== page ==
• Cost and Throughput

It is imperative to take into account financial constraints. 16S rRNA sequencing offers an economically viable and high-throughput solution, making it particularly advantageous when dealing with extensive community profiling endeavors. Conversely, metagenome sequencing entails higher costs due to the considerable volume of generated data and the associated computational requirements.

  • Sample Complexity

When working with samples containing a well-defined set of known microorganisms, 16S rRNA sequencing proves to be adequate and fitting. In stark contrast, metagenome sequencing truly shines when faced with the exploration of intricate and diverse samples that house novel or poorly characterized species.

  • Functional Insights

Metagenome sequencing empowers researchers with the capability to unveil intricate functional insights. This includes the ability to predict metabolic pathways and identify potential functional roles. Such revelations hold immense value, especially for studies that traverse the realms of ecology, medicine, and biotechnology.

16S rRNA Sequencing vs. Metagenomic Sequencing

Factors 16S rRNA Sequencing Metagenomic Sequencing
Sample Preparation Similar complexity to shotgun sequencing Equally intricate as 16S rRNA sequencing
Functional Profiling (Microbial Genes) Potential for predicted functional profiling Offers an extensive view of functional potential, though not definitively conclusive
Taxonomic Resolution Genus (potentially species); influenced by targeted regions Bacterial species (and possibly strains and single nucleotide variants with ample sequencing depth)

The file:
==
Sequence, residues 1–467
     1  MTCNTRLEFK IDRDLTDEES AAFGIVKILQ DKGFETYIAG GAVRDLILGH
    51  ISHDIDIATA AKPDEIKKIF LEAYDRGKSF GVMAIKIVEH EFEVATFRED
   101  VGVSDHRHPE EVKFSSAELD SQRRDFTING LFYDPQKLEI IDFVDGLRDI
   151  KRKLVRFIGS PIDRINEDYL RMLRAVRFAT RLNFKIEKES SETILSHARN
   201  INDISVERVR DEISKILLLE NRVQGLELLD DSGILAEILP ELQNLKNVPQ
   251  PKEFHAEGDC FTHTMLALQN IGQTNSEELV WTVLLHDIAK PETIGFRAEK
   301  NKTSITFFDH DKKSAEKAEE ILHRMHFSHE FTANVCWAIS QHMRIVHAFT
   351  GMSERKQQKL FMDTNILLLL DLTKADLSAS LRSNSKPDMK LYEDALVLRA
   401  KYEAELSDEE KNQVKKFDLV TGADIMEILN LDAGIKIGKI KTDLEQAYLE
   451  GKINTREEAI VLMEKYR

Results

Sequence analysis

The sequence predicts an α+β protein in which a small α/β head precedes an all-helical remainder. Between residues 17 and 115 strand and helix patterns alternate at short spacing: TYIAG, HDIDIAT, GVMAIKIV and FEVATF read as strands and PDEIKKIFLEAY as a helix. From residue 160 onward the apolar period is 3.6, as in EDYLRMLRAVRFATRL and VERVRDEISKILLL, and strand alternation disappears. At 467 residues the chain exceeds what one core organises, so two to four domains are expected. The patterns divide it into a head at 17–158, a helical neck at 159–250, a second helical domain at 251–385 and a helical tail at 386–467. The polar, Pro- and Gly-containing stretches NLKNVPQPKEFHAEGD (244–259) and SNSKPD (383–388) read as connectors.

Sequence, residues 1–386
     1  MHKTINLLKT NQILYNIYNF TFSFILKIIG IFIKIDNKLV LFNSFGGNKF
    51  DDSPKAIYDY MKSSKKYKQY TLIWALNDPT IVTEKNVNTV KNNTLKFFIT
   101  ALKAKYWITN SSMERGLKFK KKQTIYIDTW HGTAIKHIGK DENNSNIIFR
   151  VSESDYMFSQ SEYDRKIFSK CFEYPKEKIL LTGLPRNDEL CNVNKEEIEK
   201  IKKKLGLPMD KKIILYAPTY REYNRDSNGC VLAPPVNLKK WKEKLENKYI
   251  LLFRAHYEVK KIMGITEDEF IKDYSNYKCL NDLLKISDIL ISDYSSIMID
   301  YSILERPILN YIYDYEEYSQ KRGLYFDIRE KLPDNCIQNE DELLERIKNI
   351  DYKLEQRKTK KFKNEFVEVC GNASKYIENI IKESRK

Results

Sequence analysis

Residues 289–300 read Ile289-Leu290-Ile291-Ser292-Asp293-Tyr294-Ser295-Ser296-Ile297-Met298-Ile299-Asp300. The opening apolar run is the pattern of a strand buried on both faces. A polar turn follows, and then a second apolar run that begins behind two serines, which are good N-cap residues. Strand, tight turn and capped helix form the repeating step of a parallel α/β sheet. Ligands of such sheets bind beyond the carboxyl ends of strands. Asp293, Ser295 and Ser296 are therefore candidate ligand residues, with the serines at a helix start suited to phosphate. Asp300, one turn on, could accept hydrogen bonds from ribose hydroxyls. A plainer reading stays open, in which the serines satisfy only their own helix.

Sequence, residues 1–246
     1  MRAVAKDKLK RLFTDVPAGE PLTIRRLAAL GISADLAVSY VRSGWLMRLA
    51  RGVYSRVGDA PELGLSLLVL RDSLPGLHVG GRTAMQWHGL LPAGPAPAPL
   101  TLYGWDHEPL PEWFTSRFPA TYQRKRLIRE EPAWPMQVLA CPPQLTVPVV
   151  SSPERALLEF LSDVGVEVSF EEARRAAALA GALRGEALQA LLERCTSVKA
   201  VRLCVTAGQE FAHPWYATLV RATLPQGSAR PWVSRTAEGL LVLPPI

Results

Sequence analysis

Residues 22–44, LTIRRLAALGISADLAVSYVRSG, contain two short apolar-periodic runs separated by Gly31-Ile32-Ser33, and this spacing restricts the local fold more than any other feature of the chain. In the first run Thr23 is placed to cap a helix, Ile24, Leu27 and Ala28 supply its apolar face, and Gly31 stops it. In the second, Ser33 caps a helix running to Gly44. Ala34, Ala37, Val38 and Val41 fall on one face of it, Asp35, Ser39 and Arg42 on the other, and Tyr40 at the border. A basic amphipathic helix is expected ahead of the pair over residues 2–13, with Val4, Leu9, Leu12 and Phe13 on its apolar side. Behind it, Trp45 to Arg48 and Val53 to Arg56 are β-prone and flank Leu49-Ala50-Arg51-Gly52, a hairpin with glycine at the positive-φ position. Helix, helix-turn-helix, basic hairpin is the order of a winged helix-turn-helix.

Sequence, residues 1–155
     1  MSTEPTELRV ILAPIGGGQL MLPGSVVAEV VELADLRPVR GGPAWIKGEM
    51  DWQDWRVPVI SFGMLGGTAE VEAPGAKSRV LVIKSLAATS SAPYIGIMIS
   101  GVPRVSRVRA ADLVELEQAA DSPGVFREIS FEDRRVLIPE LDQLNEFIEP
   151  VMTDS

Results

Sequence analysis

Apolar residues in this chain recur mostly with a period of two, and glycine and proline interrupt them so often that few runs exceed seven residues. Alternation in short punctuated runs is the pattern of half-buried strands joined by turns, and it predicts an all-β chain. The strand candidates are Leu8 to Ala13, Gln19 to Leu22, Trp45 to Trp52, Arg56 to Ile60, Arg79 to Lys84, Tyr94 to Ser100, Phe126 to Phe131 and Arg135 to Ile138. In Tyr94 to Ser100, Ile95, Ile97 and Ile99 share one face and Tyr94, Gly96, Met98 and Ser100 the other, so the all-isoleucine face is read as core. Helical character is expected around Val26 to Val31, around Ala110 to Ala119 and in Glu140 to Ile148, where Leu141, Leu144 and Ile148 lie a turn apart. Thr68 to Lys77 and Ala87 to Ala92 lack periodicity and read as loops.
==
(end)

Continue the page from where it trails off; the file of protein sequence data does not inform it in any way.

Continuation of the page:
Taxonomic Coverage Embraces bacteria and archaea Encompasses all taxa, including viruses
Bioinformatics Requirements Suited for those with beginner to intermediate expertise Calls for intermediate to advanced proficiency
Databases Draws from established, meticulously curated databases Relies on relatively nascent and evolving databases
Sensitivity to Host DNA Contamination Minimal impact (PCR success hinges on microbiome presence and absence of inhibitors) Highly sensitive; subject to variation by sample type (adjustable by adapting sequencing depth)
Bias Moderate to high (taxonomic composition influenced by chosen primers and variable region) Less pronounced (although impartial, potential biases can emerge during experimental and analytical phases)

Combining both methodologies can yield comprehensive insights. Utilize 16S rRNA sequencing for taxonomic profiling and initial community assessment, and subsequently employ metagenome sequencing to unravel functional potential and finer taxonomic nuances.


  • Cost Constraints: Opt for 16S rRNA sequencing when budget is limited.
  • Research Focus: For species composition and diversity, 16S rRNA sequencing suffices. Metagenome sequencing is essential for functional and gene-level inquiries.